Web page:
Largest roll out of 3D printers to schools announced

Largest roll out of 3D printers to schools announced

Primary and secondary schools from across Australia will receive 3D printers in as part of a push to give students hands-on manufacturing experience.

Technology giant GE recently announced that more than one hundred Australian schools have been selected for its 2018 GE Additive Education Program – the largest rollout of its kind in Australia.

The selected schools will receive a polymer 3D printer, supporting software and an education curriculum to give students hands-on additive manufacturing experience.

Globally, GE received applications from over 3,000 schools for its 2018 Additive Education Program. Six hundred schools were accepted around the world, of which 103 of those are Australian.

“Additive manufacturing will be one of the biggest disruptors in the future of industry, and Australia has a huge opportunity to lead in this globally,” president and CEO of GE APAC, Wouter Van Wersch, said at an event at North Sydney Demonstration School – one of the Australian schools selected for the program.

“Through our Additive Education Program, GE aims to help build a strong pipeline of additive manufacturing skills – starting from the classroom – so that the next generation are on the front foot to take on future manufacturing opportunities.”

CEO of GE Australia, Max York said Australia has always been early adopters of technology.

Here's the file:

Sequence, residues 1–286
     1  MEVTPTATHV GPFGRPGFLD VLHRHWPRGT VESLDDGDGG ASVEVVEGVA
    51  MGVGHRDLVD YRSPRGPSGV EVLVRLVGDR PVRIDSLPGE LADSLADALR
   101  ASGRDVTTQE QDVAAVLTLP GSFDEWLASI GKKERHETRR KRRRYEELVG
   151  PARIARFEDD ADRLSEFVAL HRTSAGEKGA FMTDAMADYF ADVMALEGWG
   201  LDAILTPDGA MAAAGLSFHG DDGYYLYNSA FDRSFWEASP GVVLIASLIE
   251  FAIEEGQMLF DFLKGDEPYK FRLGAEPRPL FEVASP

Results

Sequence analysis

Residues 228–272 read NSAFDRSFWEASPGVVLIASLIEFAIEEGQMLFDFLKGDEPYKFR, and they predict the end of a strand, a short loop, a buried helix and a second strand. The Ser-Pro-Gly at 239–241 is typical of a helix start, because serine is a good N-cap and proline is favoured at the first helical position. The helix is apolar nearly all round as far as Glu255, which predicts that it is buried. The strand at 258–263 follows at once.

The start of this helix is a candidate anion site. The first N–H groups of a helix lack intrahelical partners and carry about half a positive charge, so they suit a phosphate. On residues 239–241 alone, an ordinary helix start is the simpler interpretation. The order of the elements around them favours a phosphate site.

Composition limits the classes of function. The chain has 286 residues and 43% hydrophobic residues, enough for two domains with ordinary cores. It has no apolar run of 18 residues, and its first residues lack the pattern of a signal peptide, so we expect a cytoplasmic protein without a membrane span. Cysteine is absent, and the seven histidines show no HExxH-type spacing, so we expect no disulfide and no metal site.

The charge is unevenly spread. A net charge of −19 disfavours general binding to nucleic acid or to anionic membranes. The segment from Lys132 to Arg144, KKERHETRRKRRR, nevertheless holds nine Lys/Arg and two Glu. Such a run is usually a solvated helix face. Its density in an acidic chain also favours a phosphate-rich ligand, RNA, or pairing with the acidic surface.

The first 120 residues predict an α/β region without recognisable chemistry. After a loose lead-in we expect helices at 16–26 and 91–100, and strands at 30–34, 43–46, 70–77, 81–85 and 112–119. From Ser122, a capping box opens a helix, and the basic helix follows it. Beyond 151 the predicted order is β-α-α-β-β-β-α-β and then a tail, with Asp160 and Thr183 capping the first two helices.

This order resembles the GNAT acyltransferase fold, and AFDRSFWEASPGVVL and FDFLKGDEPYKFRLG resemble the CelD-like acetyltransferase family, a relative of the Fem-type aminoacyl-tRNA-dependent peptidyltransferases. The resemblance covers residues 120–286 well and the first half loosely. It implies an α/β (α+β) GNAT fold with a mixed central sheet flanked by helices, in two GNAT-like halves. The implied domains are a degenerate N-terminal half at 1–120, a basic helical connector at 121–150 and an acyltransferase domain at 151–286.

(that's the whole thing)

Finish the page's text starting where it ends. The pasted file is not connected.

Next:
“The fact that the highest number of schools awarded in this program – after the United States – are Australian shows that we are punching above our weight in this rapidly growing industry,” York said.

GE Additive has made a significant commitment over five years to invest in educational programs to deliver polymer 3D printers to primary and secondary schools and metal 3D printers to colleges and universities around the world. 

Enabling educational institutions to provide access to 3D printers will help develop the ecosystem and accelerate the adoption of additive manufacturing worldwide.

Now in its second year, the GE Additive Education Program is awarding primary and secondary schools a 3D printing package and lesson plans that integrate 3D printing with core academic curriculum in science, technology engineering, art and mathematics (STEAM).

Australia has already seen success with GE’s Additive Education Program. 

In 2017 the University of New South Wales was the only tertiary institution outside the US to be presented with one of eight Concept Laser Mlab cusing metal laser printers in the first year of the program.